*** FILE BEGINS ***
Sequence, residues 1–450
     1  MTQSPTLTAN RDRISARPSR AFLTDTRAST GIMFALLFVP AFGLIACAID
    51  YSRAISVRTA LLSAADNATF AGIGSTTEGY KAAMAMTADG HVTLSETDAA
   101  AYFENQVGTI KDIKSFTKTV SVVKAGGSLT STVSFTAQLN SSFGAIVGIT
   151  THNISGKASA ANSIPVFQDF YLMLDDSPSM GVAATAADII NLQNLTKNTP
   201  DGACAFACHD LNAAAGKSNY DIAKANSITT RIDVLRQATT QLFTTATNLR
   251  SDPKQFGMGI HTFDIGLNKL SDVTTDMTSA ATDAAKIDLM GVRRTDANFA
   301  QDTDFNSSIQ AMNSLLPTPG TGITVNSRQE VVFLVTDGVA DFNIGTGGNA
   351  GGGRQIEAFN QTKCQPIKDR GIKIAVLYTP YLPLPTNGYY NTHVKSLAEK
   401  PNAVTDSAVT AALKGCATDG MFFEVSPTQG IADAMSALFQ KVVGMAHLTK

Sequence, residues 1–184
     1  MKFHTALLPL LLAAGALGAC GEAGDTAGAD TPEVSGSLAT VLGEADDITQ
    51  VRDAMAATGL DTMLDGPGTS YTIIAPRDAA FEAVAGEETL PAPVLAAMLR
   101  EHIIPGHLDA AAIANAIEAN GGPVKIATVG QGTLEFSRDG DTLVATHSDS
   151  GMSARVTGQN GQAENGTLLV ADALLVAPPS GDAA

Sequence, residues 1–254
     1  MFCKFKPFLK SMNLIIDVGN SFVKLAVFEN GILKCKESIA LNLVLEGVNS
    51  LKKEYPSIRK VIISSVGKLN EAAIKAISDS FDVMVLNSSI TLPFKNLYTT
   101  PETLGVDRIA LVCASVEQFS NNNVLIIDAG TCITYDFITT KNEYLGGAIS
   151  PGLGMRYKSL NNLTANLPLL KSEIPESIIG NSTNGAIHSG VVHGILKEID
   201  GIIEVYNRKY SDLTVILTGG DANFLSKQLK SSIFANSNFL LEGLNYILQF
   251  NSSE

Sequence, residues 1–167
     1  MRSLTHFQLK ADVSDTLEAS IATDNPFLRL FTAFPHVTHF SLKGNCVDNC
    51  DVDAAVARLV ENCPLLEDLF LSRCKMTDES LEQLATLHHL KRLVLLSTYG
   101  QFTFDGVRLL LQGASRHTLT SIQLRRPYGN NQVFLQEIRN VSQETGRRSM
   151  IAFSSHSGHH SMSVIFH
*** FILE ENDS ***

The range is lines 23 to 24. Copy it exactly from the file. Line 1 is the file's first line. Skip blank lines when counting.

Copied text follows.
Sequence, residues 1–167
     1  MRSLTHFQLK ADVSDTLEAS IATDNPFLRL FTAFPHVTHF SLKGNCVDNC